Keywords: High-performance liquid chromatographic; Diode-array; Electrochemical; α-amanitin;

Application of GC/MS-based metabonomic profiling in studying the therapeutic effects of Huangbai–Zhimu herb-pair (HZ) extract on streptozotocin-induced type 2 diabetes in mice by Lili Song; Hongyue Liu; Yan Wang; Yuming Wang; Jinbiao Liu; Zhensheng Zhou; Huilun Chu; Pengwei Zhuang; Yanjun Zhang (96-104).
A protocol for metabolic profiling of mice urine was developed based on gas chromatograph–mass spectrometer (GC–MS) to explore metabolic state directly. The intra-day, inter-day, repeatability, and stability RSD for most endogenous compounds were less than 3%. Type 2 diabetic mellitus (T2DM) mice model was induced by high calorie diet combined with streptozocin. Urine from the control, T2DM and Huangbai–Zhimu herb-pair (HZ) treatment mice were enrolled in the subsequent study to show the usefulness of the method. OPLS-DA scores plots demonstrate that the cluster of T2DM mice is separated from that of control mice, while HZ-T2DM mice are located close to control mice, indicating that metabolic profiles of these HZ-T2DM mice are placed toward those of control group. The results illustrate that HZ treatment could lower the level of d-glucose, hexadecanoic acid, octadecanoic acid, propanoic acid, 3-hydroxybutyric acid, and 2,3-dihydroxybutanoic acid in urine of DM mice, meanwhile the results show that HZ treatment could ameliorate T2DM symptoms by intervening the fatty acid metabolism, starch and sucrose metabolism, and glyoxylate and dicarboxylate metabolism. This preliminary application indicated that the method is suitable and reliable for urine metabolic profiling. This study might explain the metabolic effects of T2DM and the mechanisms of action of HZ against T2DM.
Keywords: GC–MS; Type 2 diabetes; Huangbai–Zhimu herb-pair; Urine metabonomics;

Herein, an aptamer-based affinity chromatography method for rapid and single step purification of Concanavalin A is developed and validated. We have used a 41 nt ssDNA aptamer of Con A (Con A aptabody) as an affinity reagent in the developed aptamer-affinity chromatography. Stationary phase of the method consists of surface functionalized agarose beads carrying covalently immobilized Con A-aptabody. Affinity purification of Con A from jack bean (Canavalia ensiformis) seed using developed aptamer-affinity columns has resulted in ≥66% recovery with 90% purity and 336-fold purification of Con A. The developed aptamer-affinity chromatography has shown efficient scalability and consistent purification when analysed over 13 mm, 20 mm and 25 mm diameter columns having a bed height of 60 mm each. Also, the developed aptamer-agarose columns were found to be reusable with recovery decrease of 12.9% in seven sequential cycles of purification. Therefore, the developed aptamer-affinity chromatography provides a novel, efficient and single-step methodology for isolation and purification of Con A.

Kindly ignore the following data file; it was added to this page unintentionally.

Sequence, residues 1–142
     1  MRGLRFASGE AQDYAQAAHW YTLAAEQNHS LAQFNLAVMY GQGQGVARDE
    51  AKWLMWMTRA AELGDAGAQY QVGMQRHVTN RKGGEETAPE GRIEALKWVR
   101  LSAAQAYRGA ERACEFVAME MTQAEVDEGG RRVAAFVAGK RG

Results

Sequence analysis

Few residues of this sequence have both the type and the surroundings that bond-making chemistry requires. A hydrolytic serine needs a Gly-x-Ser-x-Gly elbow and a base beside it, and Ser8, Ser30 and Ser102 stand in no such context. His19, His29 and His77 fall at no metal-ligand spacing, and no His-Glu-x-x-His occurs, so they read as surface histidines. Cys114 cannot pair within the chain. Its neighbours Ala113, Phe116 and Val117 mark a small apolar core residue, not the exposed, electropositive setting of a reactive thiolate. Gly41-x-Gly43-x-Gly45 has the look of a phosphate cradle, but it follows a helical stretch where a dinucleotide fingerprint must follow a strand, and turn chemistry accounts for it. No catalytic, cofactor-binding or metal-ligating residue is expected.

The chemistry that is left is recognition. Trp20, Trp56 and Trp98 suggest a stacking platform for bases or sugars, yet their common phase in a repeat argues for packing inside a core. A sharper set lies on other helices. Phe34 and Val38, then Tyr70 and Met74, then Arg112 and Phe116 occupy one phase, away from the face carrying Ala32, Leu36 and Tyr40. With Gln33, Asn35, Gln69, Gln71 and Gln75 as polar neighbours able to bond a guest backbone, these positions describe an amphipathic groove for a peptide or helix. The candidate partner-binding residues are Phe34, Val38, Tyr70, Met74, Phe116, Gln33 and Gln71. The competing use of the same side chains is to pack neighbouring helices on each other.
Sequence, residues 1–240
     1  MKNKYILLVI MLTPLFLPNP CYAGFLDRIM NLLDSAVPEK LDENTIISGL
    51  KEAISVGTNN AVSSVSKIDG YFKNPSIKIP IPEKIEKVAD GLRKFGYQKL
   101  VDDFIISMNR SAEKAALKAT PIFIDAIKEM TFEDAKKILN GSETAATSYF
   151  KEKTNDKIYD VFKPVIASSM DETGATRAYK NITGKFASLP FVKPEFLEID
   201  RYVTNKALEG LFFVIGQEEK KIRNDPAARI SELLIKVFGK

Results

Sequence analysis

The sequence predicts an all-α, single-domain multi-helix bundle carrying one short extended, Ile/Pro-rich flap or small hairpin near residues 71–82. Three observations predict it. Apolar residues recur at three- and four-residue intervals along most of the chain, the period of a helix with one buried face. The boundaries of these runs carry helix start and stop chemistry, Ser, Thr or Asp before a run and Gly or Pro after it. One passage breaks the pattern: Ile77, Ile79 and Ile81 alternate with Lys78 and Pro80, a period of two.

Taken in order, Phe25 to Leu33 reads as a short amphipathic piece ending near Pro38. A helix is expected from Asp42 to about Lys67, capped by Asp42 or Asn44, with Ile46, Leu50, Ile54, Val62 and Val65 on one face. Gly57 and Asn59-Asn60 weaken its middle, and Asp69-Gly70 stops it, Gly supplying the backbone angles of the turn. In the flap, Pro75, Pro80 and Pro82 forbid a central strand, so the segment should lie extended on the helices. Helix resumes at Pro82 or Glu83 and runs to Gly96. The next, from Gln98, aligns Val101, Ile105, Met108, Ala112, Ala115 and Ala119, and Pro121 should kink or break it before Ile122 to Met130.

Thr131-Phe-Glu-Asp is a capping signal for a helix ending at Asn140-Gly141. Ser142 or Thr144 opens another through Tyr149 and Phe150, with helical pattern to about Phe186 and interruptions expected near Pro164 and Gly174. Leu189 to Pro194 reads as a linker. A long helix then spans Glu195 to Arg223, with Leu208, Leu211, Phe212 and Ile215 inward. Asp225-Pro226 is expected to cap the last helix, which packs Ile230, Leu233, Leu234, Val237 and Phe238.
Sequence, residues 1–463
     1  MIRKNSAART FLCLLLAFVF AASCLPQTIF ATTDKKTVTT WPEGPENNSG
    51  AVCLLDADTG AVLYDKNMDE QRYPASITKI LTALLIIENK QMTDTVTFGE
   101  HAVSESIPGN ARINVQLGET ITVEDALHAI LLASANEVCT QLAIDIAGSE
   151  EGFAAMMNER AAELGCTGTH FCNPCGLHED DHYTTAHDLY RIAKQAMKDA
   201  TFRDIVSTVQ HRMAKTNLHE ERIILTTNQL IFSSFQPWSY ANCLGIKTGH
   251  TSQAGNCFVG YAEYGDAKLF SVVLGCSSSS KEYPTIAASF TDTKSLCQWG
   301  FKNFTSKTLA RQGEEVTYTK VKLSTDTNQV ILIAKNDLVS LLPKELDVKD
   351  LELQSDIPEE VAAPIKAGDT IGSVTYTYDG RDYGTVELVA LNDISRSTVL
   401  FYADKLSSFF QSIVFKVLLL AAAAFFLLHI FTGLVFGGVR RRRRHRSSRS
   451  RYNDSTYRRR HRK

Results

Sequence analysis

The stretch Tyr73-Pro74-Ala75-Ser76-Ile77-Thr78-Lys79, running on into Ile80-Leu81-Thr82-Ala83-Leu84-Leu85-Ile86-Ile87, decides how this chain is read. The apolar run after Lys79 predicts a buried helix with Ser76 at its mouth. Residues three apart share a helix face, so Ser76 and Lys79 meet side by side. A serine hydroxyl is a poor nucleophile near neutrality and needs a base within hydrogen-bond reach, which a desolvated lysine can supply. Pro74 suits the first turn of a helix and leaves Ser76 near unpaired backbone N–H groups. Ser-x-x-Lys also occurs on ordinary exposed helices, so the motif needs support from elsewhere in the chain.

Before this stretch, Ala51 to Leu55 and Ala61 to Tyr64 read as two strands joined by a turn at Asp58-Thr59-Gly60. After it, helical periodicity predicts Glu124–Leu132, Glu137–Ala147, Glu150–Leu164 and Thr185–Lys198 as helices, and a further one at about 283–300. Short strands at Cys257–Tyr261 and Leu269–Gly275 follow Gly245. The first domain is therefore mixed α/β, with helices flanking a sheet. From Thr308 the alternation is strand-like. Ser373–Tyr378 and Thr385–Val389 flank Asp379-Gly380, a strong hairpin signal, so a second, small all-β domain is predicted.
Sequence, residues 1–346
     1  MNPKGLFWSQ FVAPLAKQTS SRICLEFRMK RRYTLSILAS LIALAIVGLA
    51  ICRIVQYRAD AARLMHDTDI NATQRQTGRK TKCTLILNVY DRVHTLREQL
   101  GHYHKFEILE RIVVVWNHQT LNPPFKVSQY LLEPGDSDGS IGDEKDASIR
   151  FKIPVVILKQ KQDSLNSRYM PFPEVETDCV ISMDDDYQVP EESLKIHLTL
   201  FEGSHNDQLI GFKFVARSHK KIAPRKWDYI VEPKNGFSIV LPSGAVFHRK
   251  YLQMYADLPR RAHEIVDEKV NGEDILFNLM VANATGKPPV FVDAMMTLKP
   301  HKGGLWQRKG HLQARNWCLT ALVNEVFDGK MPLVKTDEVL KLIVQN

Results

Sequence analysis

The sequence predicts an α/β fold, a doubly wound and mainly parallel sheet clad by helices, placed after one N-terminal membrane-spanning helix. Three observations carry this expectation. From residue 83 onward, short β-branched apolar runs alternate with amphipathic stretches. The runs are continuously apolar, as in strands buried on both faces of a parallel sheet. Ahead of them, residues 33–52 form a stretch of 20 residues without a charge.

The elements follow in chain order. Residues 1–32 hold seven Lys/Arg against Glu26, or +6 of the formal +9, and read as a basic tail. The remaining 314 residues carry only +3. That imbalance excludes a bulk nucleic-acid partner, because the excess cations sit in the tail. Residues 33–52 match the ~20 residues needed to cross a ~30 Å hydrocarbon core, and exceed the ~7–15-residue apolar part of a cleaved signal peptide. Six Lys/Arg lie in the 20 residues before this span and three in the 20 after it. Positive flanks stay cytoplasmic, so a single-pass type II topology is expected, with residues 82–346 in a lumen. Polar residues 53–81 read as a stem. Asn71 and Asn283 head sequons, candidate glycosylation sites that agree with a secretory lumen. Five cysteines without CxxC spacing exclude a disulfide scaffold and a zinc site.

Keywords: Concanavalin A; DNA aptamer; Aptamer-affinity chromatography; Canavalia ensiformis; NHS-activated agarose;

An ultra-high performance liquid chromatographic-tandem mass spectrometry (UHPLC–MS/MS) method for quantification of potato steroidal alkaloids, namely α-solanine, α-chaconine, solanidine and demissidine was developed and validated. Three different column chemistries, i.e. ethylene bridged hybrid (BEH) C18, hydrophilic lipophilic interaction and amide columns, were assessed. The BEH C18 column showed best separation and sensitivity for the alkaloids. Validation data (inter-day and intra-day combined) for accuracy and recovery ranged from 94.3 to 107.7% and 97.0 to 103.5%, respectively. The accuracy data were within the acceptable range of 15% as outlined in the United States Food and Drug Administration (USFDA) guidelines. The recovery data were consistent and reproducible with a coefficient of variation (CV) ranging from 6.2 to 9.7%. In addition, precision of the method also met the criteria of the USFDA with CV values lower than 15% even at lower limit of quantification (LLOQ), while the permissible variation is considered acceptable below 20%. The limit of detection and LLOQ of the four alkaloids were in the range of 0.001–0.004 μg/mL whereas the linearities of the standard curves were between 0.980 and 0.995.
Keywords: Potato; Steroidal alkaloids; Validation; Multiple reaction monitoring; UHPLC–MS/MS;

Determination of sex-based differences in serum γ-linoleic acid and dihomo-γ-linoleic acid using gas chromatography–mass spectrometry by Mayu Onozato; Minami Nishikiori; Hideaki Iizuka; Hideaki Ichiba; Kiyomi Sadamoto; Takeshi Fukushima (116-121).